Demet Gül, a Turkish actress portraying Layla, is confident in her role; what is more, the screenplay is co-written by her and director Sanela Salketić. THE HOUSE IN THE ENVELOPE displays a fine sense of humor. It is an emotional experience and by far the finest film from the omnibus, A QUINTET.
French New Wave veteran Jean-Luc Godard was one of the thirteen filmmakers who were invited to participate in the making of BRIDGES OF SARAJEVO / LES PONTS DE SARAJEVO (2014), an omnibus centered around the assassination of the Archduke Franz Ferdinand that led to the outbreak of the World War I.
Godard had already tangoed with the cultural identity of Sarajevo when approaching the Bosnian War in his I SALUTE THEE, SARAJEVO! / JE VOUS SALUE, SARAJEVO! (1993),a two-and-a-half minute photomontage of a single color image – shot in 1992, in the Eastern Bosnian town of Bijeljina, by the American photographer Ron Haviv – which depicts three soldiers of the Arkan paramilitary Serbian troups with their guns pointed towards three dead corpses laying on the ground.
THE BRIDGE OF SIGHS, Godard’s section of the BRIDGES OF SARAJEVO omnibus, is more than an autonomous work and comes as an attempt to shed new light on the problems proposed by I SALUTE THEE, SARAJEVO! in 1993. “There is a rule and an exception,” Godard states once more. “Culture is the rule and art is the exception.”
In his piece BRIDGES OF SARAJEVO he incorporates parts of I SALUTE THEE, SARAJEVO! into a typical Godard-collage, combining archive material, photographs, paintings, his already classic abundance of jeux de mots, and countless cultural quotes and references; a polyphonic construction that makes more than a few faux pas, yet manages to remain one of the boldest in the omnibus with its discourse on a simulacrum of reality residing in war photographs that he calls playfully faux-to-graphs.
The constructed artificial views of terror spread throughout popular culture (like the Pulitzer winning photograph of a boy on the verge of being eaten by a vulture), terror that art must exonerate, is exactly what Godard addresses critically in his film.
And however purist it may seem, even though it is not even by far Godard’s toughest work, THE BRIDGE OF SIGHS remains one of the most accomplished pieces in the omnibus.
Sergei Loznitsa’s REFLECTIONS is one of the thirteen short films gathered in the omnibus BRIDGES OF SARAJEVO / LES PONTS DE SARAJEVO (2014). The project was coordinated by the film critic Jean-Michel Frodon and was meant to be released this year to commemorate one hundred years since the outbreak of World War I, which took as a pretext the assassination of Archduke Franz Ferdinand of Austria in Sarajevo. Still, BRIDGES OF SARAJEVO does not restrict itself to this historical moment but reflects on different aspects of last century’s events related to the capital of Bosnia which shaped Europe’s pathway.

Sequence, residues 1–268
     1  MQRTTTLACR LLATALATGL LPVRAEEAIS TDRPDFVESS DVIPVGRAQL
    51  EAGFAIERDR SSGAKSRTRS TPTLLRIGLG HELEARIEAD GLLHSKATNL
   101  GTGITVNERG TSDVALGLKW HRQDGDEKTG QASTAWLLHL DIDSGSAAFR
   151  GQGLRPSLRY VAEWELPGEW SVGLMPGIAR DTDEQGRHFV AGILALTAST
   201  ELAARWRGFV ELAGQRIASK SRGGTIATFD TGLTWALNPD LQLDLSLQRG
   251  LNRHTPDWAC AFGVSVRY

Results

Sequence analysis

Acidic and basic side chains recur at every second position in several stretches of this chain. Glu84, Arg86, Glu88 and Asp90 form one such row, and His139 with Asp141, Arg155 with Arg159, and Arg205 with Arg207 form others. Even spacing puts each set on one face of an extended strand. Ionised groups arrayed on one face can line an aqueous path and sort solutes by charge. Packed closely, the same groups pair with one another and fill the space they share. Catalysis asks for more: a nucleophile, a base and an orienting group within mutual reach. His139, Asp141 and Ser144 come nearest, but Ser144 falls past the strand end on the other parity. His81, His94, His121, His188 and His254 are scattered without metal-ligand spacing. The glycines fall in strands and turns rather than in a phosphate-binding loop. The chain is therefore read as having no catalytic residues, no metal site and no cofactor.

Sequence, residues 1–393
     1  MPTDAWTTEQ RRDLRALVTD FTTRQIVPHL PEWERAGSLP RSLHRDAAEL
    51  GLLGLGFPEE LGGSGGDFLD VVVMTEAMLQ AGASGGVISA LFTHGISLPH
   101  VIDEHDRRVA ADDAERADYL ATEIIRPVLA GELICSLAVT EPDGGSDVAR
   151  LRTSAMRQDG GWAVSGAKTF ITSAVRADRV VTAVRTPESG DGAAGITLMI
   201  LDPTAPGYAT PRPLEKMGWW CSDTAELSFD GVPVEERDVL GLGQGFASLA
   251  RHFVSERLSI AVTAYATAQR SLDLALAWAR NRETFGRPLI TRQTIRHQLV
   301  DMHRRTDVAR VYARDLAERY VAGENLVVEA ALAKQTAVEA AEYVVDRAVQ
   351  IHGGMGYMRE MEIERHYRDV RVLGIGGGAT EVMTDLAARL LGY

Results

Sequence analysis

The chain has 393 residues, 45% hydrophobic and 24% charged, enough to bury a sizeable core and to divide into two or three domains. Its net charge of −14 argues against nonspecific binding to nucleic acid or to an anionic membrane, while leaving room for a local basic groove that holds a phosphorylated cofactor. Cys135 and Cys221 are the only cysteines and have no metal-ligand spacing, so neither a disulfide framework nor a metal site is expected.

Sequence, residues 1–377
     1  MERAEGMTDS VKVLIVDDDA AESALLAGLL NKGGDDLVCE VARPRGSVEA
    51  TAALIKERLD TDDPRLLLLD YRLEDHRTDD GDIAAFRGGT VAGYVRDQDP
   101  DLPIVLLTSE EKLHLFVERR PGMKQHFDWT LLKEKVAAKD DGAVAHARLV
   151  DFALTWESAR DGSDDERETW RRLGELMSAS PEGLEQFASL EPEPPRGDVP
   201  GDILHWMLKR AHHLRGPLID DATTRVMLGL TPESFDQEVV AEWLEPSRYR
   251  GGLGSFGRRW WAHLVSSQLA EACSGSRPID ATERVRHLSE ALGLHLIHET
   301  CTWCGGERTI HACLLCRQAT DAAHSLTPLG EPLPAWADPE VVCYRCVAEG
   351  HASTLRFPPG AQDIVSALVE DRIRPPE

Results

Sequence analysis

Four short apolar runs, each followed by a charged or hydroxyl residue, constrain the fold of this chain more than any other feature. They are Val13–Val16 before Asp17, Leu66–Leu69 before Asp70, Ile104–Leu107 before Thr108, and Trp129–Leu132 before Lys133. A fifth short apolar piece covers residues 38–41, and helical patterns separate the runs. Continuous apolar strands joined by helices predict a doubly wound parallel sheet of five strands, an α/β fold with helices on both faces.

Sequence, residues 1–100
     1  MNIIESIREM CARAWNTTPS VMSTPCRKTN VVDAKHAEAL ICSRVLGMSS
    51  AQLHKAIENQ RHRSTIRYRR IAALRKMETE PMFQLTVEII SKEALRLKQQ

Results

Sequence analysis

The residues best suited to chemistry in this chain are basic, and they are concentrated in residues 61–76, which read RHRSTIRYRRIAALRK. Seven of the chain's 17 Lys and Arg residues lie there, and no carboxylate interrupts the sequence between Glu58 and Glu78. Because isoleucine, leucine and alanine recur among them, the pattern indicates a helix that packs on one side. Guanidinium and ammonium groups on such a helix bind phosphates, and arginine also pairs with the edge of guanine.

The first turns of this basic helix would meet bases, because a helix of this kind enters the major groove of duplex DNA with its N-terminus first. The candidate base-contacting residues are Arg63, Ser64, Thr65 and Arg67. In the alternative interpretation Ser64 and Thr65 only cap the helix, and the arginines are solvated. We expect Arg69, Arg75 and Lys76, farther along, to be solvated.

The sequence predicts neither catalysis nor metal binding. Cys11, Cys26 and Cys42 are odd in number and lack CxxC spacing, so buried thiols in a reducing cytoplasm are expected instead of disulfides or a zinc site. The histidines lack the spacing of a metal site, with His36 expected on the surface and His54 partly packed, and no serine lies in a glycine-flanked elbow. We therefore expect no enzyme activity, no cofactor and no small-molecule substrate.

In his segment, the Ukrainian director renounces the pretension of originality and brings to attention a very common sense – that suffering in troubled times and immense human sacrifice are too quickly forgotten in more prosperous times. But he does so in an efficient way that gives to this exception a renewed power.
The film is a collage of sounds, photographs, and filmed material that bring in the same dimension a distinct moment from Sarajevo’s turbulent past and its quiet present. The black and white images shot by cinematographer Oleg Mutu (known for his collaboration with Romanian New Wave directors) of the city’s streets on a sunny day are superimposed also with black and white portraits of men that fought in the Bosnian War photographed by Milomir Kovačević in 1992. From the foreground each of the now probably dead fighters gazes for a few seconds straight at the audience, and the black and white image sharpening his features makes his presence more acute. Simultaneously, the peaceful life of the present time unfolds behind him.
With REFLECTIONS Sergei Loznitsa shows once again his interest in history and politics, as well as the preference for some stylistic choices, which he developed in his previous documentaries: the non-narrative structure in THE SETTLEMENT / POSELENIE (2002) or LANDSCAPE / PEYZAZH (2003), the using of archive material in BLOCKADE / BLOKADA (2006), REVUE / PREDSTAVLENIE (2008). Besides, this film and his most recent feature documentary, MAIDAN (2014), shown also at the 20th Sarajevo Film Festival, rely on sound to bring new meaning to the scenes.
In this segment from BRIDGES OF SARAJEVO Loznitsa operates a rather symbolic selection of the aspects he shows from the present, giving us motives of everyday life (children playing, trams passing, tourists discovering the city), but repeatedly making references to motives of religious diversity – also the main cause for the conflict in the area.
Some might regard this schematically. Still, the artistry with which the different material is assembled is probably hard to deny. In this crafted network every element becomes evocative, and thus sounds and images from our quotidian become very expressive. Banal sounds – like those of the people’s steps while walking on the streets or like that of a flowing river – are vividly recalling the blessing of the normal life.